The following blog post was originally a message board post I made on the Yoga Lover's team page.
I have a strong yoga practice. I practice Baptiste Power Vinyasa Flow in a heated studio 5 or 6 times a week. I've been seriously practicing for 6 years. When I began I was quite strong: bodyweight circuits, calisthenics, and free weights. I was also underweight. Although I didn't have much fat on me I had distended abs. My midsection was like a rock, I did so much ab work. Obsessive, yes. I didn't know why my guts protruded. They didn't in earlier days.
Six years later, I'm not underweight. Every Baptiste practice has a section devoted to core work and I continue to excel with that. For years I have worked on jumping back into chaturanga from bakasana. I am still not able to do this. I know that this explosive movement comes from the core. I work and work on my core with uddiyana bandha (upward abdominal lock), posture, navel to spine, and ab exercises. Nonetheless, this transition eludes me. Many arm balances also are very difficult for me. I've been told by my teacher that I easily have the strength for them. What is required is to activate my core. Yet, my core is so strong! Or so I thought. Oh, and in slender times, my distended midsection is quite apparent.
I began researching. I've recently learned about inner and outer abdominals. The Rectus Abdominus, strengthened by crunches, are external abs. The Transversus Abdominus and Lumbar Multifidus are the inner abdominal muscles.
"...These muscles are rarely discussed, and the most neglected. These muscles lie beneath the Rectus Abdominus and External Obliques. The inner abdominal muscles support posture and control deep breathing during power movements, such as heavy squats. They are responsible for back support. Since they are rarely targeted, they are often weaker. By building a stronger inner abdominal wall, you can limit and relieve back pain, create a tighter midsection, and add explosive power to your training. "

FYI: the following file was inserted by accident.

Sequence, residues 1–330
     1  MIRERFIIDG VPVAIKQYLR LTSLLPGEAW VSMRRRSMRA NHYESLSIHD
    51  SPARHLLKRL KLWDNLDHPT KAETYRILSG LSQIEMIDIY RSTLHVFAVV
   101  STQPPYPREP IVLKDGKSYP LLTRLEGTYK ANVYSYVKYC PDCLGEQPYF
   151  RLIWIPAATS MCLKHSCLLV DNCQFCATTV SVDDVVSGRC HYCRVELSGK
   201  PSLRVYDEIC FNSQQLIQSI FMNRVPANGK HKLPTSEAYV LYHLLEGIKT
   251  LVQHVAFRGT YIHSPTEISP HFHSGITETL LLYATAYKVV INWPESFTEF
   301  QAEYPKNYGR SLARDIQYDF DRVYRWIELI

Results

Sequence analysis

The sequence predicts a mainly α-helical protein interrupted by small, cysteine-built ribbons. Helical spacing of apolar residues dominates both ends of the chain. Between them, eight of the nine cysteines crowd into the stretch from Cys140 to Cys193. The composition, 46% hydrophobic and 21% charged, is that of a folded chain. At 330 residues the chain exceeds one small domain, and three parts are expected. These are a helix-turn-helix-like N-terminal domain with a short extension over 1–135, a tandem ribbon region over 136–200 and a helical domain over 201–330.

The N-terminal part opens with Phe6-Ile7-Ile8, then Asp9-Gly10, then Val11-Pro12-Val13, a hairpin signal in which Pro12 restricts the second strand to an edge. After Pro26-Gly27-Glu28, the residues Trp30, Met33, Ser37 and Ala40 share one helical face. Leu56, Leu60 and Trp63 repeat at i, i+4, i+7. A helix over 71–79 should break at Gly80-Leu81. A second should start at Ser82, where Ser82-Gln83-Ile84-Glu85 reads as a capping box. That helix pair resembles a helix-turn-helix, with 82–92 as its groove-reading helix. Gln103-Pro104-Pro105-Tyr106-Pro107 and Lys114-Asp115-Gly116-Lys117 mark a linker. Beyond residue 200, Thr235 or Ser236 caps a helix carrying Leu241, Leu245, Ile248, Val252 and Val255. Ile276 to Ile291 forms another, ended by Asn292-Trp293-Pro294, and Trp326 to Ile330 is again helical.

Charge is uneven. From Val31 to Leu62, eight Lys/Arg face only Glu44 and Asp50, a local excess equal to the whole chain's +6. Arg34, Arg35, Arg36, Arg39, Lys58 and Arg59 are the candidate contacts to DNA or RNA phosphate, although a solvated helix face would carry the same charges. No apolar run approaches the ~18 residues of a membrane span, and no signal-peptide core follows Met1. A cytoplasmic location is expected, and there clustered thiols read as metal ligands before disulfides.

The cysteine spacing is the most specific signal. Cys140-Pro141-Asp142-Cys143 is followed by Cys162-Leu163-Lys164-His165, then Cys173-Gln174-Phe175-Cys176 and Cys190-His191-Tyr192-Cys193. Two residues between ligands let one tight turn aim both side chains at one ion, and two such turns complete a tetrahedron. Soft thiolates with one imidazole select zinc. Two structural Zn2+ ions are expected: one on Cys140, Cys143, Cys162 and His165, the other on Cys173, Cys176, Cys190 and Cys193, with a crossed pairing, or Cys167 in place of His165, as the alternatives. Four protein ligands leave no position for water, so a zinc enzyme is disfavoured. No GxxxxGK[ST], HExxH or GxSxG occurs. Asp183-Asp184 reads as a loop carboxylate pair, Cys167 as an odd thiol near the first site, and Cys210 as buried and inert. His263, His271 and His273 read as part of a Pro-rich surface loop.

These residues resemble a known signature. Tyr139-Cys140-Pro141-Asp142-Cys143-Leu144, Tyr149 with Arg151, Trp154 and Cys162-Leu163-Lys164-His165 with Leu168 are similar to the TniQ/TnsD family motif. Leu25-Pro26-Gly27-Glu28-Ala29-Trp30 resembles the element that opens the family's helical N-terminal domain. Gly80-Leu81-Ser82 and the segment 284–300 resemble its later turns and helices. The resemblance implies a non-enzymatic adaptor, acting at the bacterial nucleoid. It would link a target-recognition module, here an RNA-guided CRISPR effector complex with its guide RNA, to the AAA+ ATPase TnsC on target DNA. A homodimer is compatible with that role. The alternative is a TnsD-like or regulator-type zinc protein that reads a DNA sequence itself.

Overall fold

And: "...Crunches, sit-ups, and even many pilates moves cause the abdominal wall to bulge forward, straining the connective tissue that runs up and down the center of your rectus abdominis (the six-pack muscles). Yes, those exercises strengthen your abs, but they do so at the expense of your connective tissue. Repeated forceful stress on that tissue will physically separate the muscles, a medical condition known asdiastasis recti. This tends to obliterate the waistline, leaving fit women with what we call an “athletic build” (no curves), and men with a paunch. Sit-ups and crunches are not the only culprit... so is pregnancy. The majority of pregnancies result in diastasis recti, wreaking havoc on a formerly firm, flat stomachs."
Whether from pregnancy or exercise, has anyone else dealt with a weak core, distended midsection, difficulty doing transitions or asanas that require a great deal of core? Am I on the right track?
From my research I see that there are exercises to strengthen the traverse abdominis. The uddiyana bandha engagement in yoga parallels the isometric work done in these exercises. I'll let you know how things progress. I would love to know others' experiences.